It can be difficult to pray when you’re angry, sad, or worried. Sometimes the deepest, strongest emotions are the hardest to express. Thankfully, Psalm 35 shows us how to work through our pain with God.
This psalm is written by David, who dealt with some very difficult things in his life. He went through war, intense personal conflicts, the death of a child, being publically called out for his sin, and many other struggles.
The Bible doesn’t say exactly what was going on in David’s life when he wrote this psalm. Some scholars think it was when Saul was hunting and taunting him. Others believe it was written later in David’s life when he was surrounded by tumult and conflict. Regardless of when it was written, it’s clear that David was in pain.
So, if you’re going through painful circumstances, Psalm 35 will probably resonate deeply with you. I encourage you to read it through once right now. Some of it may seem confusing or weird. That’s okay. Just focus on three main messages: You can call on God for help. God stands in the battle with you. David praises God in difficult times.
In Anguish, We Can Call on God for Help
The psalm begins with David begging for God’s help. He goes into detail about the horrible things happening to him and asks God to fix them. In some places, it’s like he’s even demanding God to come to his aid.
This is how The Message translates the first three verses of this psalm:
“Harass these hecklers, God,
punch these bullies in the nose.
Grab a weapon, anything at hand;
stand up for me!
Get ready to throw the spear, aim the javelin,
at the people who are out to get me.
Reassure me; let me hear you say,
‘I’ll save you.’”
Isn’t it amazing that the God of the universe allows a tiny human to speak to Him this way? We serve a God who listens to the cries of our hearts and loves us through our pain. He doesn’t leave us when our lives get messy. In fact, those are the times that God draws even closer to us.
David is reaching out to God in a very dark moment. But he doesn’t attempt to fix himself up before talking to God, and he doesn’t use fancy words or try to say the right things. If David can ask God to beat up his enemies, you can bring God your desires, requests, frustrations, and imperfect pleas, too.
One of the most painful moments of this psalm is when David says, “They repay me evil for good and leave me like one bereaved” (Psalm 35:12). Bereaved is a strong word. Vocabulary.com describes it as “deep sorrow, deprived of a loved one’s presence.” We associate bereavement with the death of a close friend or family member.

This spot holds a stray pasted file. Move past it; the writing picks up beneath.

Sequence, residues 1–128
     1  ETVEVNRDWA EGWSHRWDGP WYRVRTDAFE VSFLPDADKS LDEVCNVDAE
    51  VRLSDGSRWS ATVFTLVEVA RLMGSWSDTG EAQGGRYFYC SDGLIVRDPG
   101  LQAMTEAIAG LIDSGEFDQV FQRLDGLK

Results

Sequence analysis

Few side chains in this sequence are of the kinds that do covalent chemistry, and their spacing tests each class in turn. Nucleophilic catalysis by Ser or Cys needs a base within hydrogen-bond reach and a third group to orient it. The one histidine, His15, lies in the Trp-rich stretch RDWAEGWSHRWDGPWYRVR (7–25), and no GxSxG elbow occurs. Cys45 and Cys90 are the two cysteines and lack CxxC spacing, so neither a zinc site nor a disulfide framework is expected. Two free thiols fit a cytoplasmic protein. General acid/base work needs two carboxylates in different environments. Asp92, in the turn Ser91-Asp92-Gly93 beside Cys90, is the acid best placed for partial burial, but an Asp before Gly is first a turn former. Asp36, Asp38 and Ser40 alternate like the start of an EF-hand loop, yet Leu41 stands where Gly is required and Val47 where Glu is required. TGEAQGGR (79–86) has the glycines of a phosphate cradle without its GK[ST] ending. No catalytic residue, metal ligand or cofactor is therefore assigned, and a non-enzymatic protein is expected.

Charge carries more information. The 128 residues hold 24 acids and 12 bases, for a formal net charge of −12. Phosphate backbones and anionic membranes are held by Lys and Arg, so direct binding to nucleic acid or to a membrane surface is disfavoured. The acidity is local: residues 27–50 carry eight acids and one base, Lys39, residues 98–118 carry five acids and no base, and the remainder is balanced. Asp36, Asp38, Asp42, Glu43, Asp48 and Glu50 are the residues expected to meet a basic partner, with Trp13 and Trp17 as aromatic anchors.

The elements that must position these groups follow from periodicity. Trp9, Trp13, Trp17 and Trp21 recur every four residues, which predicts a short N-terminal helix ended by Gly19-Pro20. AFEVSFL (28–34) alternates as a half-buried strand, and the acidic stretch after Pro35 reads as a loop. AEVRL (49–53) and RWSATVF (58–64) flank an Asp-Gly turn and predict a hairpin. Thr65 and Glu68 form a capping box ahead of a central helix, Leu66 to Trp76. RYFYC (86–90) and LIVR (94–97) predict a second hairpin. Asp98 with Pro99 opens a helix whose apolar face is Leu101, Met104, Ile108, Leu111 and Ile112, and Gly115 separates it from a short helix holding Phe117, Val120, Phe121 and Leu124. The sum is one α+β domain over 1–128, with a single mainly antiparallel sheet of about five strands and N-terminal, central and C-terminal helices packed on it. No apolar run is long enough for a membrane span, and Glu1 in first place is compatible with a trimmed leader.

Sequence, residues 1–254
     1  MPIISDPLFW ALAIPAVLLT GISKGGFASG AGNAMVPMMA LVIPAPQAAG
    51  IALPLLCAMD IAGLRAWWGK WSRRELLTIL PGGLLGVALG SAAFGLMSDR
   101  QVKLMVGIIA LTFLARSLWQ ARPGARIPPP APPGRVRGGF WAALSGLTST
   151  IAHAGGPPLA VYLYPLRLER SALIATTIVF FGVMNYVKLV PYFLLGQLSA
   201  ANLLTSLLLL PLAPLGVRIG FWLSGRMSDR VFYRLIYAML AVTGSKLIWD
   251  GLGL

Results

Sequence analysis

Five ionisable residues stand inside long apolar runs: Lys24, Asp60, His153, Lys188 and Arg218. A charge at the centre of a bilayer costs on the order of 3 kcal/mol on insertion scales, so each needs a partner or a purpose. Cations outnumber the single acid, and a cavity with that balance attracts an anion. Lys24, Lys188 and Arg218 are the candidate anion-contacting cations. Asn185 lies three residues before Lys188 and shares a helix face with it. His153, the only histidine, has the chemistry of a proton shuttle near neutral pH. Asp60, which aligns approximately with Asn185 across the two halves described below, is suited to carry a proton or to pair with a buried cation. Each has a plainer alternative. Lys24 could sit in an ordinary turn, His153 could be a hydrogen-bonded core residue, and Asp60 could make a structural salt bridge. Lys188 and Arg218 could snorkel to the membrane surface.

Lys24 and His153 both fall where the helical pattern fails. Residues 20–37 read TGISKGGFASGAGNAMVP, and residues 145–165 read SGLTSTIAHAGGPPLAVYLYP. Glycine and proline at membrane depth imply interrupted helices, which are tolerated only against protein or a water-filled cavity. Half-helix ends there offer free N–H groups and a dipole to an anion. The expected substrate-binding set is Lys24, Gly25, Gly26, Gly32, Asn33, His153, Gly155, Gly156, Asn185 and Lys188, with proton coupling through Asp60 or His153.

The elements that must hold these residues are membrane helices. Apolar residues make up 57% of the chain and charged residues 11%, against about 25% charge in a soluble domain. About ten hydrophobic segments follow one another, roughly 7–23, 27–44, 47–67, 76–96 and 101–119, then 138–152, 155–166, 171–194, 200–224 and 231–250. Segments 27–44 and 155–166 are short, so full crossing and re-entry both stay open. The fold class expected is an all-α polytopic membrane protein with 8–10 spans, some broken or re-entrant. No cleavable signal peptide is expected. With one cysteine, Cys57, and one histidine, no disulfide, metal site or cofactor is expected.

So David was in deep sorrow. He was separated from his loved ones and even felt far from God. He sounds frustrated as he keeps asking God for help, and his prayers seem to go unanswered (Psalm 35:13).
But, he keeps praying. David doesn’t stop talking to God even when it seems like his words are futile. He trusts in God even though he can’t detect His presence.
God Is Standing in the Battle with Us
All throughout this psalm, David asks God to fight for him. For example, Psalm 35:23-24 says,
“Lord, you have seen this; do not be silent.
Do not be far from me, Lord.
Awake, and rise to my defense!
Contend for me, my God and Lord.
Vindicate me in your righteousness, Lord my God.”
David was a mighty warrior. He fought in battles and commanded troops. He must have been pretty confident in his fighting abilities. But he knew that he couldn’t win every battle by himself. He needed help from the Lord.
It takes courage to ask for help because it means admitting that we can’t do everything by ourselves. Our culture praises people who are self-reliant. But it’s so much better to be God-reliant.
David’s prayer reminds us that we are not alone in our battle. God is right there with us, and we can call on Him at any time. He sees what is happening, and He understands how we feel.
We can go to God, even in our anger and disappointment. As Hebrews 4:15-16 reminds us: “We do not have a high priest who is unable to empathize with our weaknesses, but we have one who has been tempted in every way, just as we are—yet he did not sin. Let us then approach God’s throne of grace with confidence, so that we may receive mercy and find grace to help us in our time of need.”
Praising God During Difficult Times
No matter what David was going through, he knew that God would fight for him. David’s knowledge of God allowed him to rejoice in the Lord, fully believing in God’s power to save him.
All throughout Psalm 35, David throws in words of praise in between descriptions of his deepest pain. He believes in God’s love even when surrounded by hate and trusts in God’s goodness no matter how bad his circumstances get.
The entire psalm ends on this promise, “My tongue will proclaim your righteousness, your praises all day long” (Psalm 35:28).
God was with David in his pain, and He is with you in yours. God is with you always. He will never leave you or forsake you. I hope that you can rest in His love today.